Hinge assembly 29 is hollow in order for prong 36 of U-bail to pass therethrough. Similarly, loop 40 is formed on a side of half 28 opposite hinge assembly 29 for prong 38 of U-bail to pass therethrough. Half taper rails 42, 44 are formed on sides of half 26. Similarly, half taper rails 46, 48 are formed on sides of half 28. Half taper rails 42, 44, 46, 48 are formed with wider ends on end 50 of body 12, proximate to hinge assembly 29 and loop 40 and with narrower ends on end 52 of body 12. Gaps 43, 45, 47, 49 are formed between half taper rails 42, 44, 46, 48 and body 10, respectively.
In the closed position of FIGS. 2 and 3, half taper rail 42 aligns with half taper rail 46 thereby forming full taper rail 54. Similarly, half taper rail 44 aligns with half taper rail 48 thereby forming full taper rail 56.
Sliding wedge 14 includes loops 58, 60 with apertures therethrough for receiving prong 38 of U-bail 20. Likewise, sliding wedge 16 includes loop 62 equivalent to loop 60 of sliding wedge and a second loop (not shown) equivalent to loop 58 of sliding wedge 14 for receiving prong 36 of U-bail 20.
Sliding wedges 14, 16 include taper-shaped cavities 64, 66, respectively. As shown in FIG. 4, taper-shaped cavities 64, 66 have a narrow end proximate to loops 60, 62 and a widened end proximate to loop 58 (and corresponding unillustrated loop). Taper-shaped cavities 64, 66 are shaped complementary to full taper rails 56, 54, respectively. Additionally, taper-shaped cavities 64, 66 have cantilevered gripping lateral edges 68, 70 and 72, 74, respectively, to slidingly engage gaps 45, 49 and 43, 47, respectively, of body 12.
As sliding wedges 14, 16 are forced toward end 50 of body 12 by the tightening of bolts 22, 24 onto threaded ends 80, 82 of prongs 36, 38 of U-bail 20, halves 26, 28 are forced more tightly together. The tension exerted on fiber optic cable 100 by the installation and the weight of cable 100 is resisted by body 12 as it travels to a certain degree up U-bail 20 to a point where body 12 stops.
To use connector 10, the installer places fiber optical cable 100 into one of serrated longitudinal half-circular grooves 30 or 32, and folds halves 26, 28 to the closed position shown in FIG. 2. The connector 10 and the fiber optical cable 100 is selected so that the serrated aperture 34 formed in the closed position of FIG. 2 will tightly engage fiber optical cable 100 without damaging the optical fibers inside. The user then slides sliding wedges 14, 16 onto full taper rails 56, 54, respectively. The user then inserts U-bail 20 so that prong 36 passes through hinge assembly 29, the unillustrated loop corresponding to loop 58, and loop 62. Likewise, prong 38 passes through loops 40, 58 and 60. Nuts 22, 24 are then screwingly fastened onto threaded ends of prongs 36, 38 of U-bail 20.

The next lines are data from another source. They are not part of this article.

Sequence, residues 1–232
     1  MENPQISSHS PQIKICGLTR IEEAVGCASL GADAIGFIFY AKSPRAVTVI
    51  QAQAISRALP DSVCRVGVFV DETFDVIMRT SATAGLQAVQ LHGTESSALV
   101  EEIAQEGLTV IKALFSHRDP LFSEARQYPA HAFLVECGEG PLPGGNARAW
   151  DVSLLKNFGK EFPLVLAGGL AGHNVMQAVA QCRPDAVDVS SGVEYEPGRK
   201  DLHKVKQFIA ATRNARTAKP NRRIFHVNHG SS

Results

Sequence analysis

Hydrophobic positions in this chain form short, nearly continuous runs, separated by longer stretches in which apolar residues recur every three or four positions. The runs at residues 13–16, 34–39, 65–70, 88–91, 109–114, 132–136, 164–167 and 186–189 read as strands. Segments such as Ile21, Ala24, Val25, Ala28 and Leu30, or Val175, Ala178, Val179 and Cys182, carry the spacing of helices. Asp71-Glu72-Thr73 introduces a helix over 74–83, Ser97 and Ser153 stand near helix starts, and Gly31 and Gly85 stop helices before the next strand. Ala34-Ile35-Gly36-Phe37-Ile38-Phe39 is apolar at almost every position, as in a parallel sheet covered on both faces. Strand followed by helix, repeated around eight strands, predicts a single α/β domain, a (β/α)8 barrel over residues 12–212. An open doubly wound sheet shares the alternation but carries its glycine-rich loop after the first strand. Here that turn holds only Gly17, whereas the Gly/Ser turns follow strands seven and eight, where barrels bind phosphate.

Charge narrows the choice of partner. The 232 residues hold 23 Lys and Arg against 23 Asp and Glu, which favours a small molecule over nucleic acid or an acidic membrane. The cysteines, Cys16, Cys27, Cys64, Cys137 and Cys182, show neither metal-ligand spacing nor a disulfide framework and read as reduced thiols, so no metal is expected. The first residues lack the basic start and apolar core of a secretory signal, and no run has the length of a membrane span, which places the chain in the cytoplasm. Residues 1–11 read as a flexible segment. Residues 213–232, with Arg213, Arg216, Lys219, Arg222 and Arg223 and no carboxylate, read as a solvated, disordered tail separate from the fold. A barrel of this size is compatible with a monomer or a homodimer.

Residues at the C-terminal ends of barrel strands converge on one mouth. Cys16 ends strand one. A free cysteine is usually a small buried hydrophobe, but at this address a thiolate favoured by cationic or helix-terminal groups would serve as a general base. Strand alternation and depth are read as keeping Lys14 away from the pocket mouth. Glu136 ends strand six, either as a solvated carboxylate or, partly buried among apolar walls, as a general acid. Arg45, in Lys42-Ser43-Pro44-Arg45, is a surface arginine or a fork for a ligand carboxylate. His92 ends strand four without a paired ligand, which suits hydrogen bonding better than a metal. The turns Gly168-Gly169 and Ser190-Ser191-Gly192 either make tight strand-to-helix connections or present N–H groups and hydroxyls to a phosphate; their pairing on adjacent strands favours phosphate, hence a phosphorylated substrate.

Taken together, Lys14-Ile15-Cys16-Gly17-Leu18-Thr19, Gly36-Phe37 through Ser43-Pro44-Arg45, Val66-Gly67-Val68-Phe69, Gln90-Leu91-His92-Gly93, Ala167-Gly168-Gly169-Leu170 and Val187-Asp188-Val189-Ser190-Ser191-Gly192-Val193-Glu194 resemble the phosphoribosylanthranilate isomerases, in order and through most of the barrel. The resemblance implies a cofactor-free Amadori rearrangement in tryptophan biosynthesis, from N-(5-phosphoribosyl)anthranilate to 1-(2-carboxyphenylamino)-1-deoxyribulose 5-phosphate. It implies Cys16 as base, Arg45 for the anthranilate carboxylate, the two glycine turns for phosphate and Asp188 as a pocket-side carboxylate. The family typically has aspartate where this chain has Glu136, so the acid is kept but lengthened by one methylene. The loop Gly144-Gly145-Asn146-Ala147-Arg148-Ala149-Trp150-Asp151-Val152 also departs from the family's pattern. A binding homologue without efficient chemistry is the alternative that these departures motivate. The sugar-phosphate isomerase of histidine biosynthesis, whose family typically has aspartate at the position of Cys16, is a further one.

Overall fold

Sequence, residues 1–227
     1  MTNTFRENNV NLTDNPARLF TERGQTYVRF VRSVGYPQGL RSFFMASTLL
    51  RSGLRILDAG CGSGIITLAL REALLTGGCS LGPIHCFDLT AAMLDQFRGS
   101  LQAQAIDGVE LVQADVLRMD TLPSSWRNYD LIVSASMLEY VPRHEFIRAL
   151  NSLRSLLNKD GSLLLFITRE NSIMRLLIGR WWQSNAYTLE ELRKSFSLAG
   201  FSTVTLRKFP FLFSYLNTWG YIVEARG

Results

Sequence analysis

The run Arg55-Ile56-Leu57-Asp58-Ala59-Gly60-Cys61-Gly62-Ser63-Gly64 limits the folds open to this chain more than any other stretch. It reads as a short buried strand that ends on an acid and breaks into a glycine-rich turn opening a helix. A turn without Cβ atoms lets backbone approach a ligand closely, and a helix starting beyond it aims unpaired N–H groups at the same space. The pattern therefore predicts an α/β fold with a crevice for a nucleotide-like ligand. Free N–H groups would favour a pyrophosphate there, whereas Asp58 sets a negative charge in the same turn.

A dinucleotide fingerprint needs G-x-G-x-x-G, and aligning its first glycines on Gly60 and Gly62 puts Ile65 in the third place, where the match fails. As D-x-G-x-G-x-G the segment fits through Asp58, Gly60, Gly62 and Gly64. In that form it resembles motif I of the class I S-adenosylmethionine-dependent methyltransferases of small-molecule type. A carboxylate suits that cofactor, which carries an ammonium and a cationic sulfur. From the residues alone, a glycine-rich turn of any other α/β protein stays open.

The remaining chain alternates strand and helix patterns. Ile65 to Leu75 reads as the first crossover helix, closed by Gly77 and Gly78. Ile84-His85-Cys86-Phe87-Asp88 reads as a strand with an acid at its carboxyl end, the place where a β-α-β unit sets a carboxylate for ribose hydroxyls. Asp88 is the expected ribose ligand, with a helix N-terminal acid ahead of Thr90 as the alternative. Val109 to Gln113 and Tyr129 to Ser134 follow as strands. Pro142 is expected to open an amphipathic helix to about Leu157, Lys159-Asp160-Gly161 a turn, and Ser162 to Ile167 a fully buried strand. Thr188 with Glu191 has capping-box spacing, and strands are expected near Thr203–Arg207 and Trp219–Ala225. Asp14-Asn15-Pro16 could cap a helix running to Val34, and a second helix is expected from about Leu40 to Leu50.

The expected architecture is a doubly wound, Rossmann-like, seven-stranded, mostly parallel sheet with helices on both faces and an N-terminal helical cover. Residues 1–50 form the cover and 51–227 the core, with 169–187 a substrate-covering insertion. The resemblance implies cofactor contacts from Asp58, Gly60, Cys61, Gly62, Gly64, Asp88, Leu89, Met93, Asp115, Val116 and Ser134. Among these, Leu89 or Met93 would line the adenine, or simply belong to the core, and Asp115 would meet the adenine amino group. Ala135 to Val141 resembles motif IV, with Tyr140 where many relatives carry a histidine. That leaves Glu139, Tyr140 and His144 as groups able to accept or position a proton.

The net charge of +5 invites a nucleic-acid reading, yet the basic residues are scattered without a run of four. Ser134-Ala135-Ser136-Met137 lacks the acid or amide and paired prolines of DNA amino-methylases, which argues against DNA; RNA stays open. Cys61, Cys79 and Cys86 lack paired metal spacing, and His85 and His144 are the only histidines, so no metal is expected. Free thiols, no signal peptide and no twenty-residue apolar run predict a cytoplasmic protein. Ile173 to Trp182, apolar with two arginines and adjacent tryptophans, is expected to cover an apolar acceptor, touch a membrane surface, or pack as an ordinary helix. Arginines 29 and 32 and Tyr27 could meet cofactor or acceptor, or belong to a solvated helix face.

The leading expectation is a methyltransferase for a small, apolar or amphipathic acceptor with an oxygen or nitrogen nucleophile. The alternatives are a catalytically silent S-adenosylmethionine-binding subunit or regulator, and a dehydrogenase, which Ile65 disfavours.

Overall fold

Thus the several aforementioned objects and advantages are most effectively attained. Although a single preferred embodiment of the invention has been disclosed and described in detail herein, it should be understood that this invention is in no sense limited thereby and its scope is to be determined by that of the appended claims.
|Cited Patent||Filing date||Publication date||Applicant||Title|
|US4770491||May 19, 1986||Sep 13, 1988||Preformed Line Products Company||Dead end for fiber optic shield cable|
|US5647046 *||May 20, 1996||Jul 8, 1997||Alcoa Fujikura Limited||Wedge deadend to support aerial cables|
|US5754724||Nov 8, 1996||May 19, 1998||Antec Corporation||Fiber optic support apparatus|
|US5758005||Oct 7, 1996||May 26, 1998||The Furukawa Electric Co., Ltd.||Anchor device for an optical cable|
|US6023549 *||Aug 15, 1997||Feb 8, 2000||Thomas P. Polidori||Dead end connector for a fiber optic cable|
|Citing Patent||Filing date||Publication date||Applicant||Title|
|US6340250 *||Jan 24, 2000||Jan 22, 2002||Electric Motion Company, Inc.||Fiber optic shield connector|
|US6805596||Apr 16, 2002||Oct 19, 2004||Alcoa Fujikura Limited||Compression formed connector for a composite conductor assembly used in transmission line installations and method of constructing the same|
|US6874207||May 30, 2003||Apr 5, 2005||Hubbell Incorporated||Yoke for automatic deadend assembly|
|US8001686||Aug 23, 2011||Afl Telecommunications Llc||Method for taut sheath splicing of all-dielectric, self-supporting fiber optic cable|
|US8341829||Jan 1, 2013||Afl Telecommunications Llc||Taut sheath splicing apparatus|
|US20030194916 *||Apr 16, 2002||Oct 16, 2003||Quesnel Wayne L.||Compression formed connector for a composite conductor assembly used in transmission line installations and method of constructing the same|
|US20040237265 *||May 30, 2003||Dec 2, 2004||Hubbell Incorporated||Yoke for automatic deadend assembly|
|US20040261264 *||Jun 27, 2003||Dec 30, 2004||Swindell Guyton P.||Apparatus and method for taut sheath splicing of all-dielectric, self-supporting fiber optic cable|
|WO2001053859A1 *||Jan 10, 2001||Jul 26, 2001||Electric Motion Company, Inc.||Fiber optic shield connector|
|U.S. Classification||385/136, 385/83|
|Mar 22, 1999||AS||Assignment|
Owner name: MACLEAN POWER SYSTEMS, ILLINOIS
Free format text: ASSIGNMENT OF ASSIGNORS INTEREST;ASSIGNOR:DEFRANCE, ROBERT;REEL/FRAME:009855/0641
Effective date: 19990319
|Jul 9, 2004||FPAY||Fee payment|
Year of fee payment: 4
|Jul 10, 2008||FPAY||Fee payment|
Year of fee payment: 8
|Jul 10, 2008||SULP||Surcharge for late payment|
Year of fee payment: 7
|Jul 21, 2008||REMI||Maintenance fee reminder mailed|
|Aug 20, 2012||REMI||Maintenance fee reminder mailed|
|Jan 9, 2013||LAPS||Lapse for failure to pay maintenance fees|
|Feb 26, 2013||FP||Expired due to failure to pay maintenance fee|
Effective date: 20130109